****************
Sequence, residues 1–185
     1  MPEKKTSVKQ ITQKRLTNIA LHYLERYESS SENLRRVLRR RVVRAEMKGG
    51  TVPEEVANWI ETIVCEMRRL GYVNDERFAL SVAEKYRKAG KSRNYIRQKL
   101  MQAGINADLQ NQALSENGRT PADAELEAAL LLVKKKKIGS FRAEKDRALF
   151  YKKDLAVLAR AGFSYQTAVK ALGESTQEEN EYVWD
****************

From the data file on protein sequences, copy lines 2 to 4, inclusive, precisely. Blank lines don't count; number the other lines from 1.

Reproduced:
     1  MPEKKTSVKQ ITQKRLTNIA LHYLERYESS SENLRRVLRR RVVRAEMKGG
    51  TVPEEVANWI ETIVCEMRRL GYVNDERFAL SVAEKYRKAG KSRNYIRQKL
   101  MQAGINADLQ NQALSENGRT PADAELEAAL LLVKKKKIGS FRAEKDRALF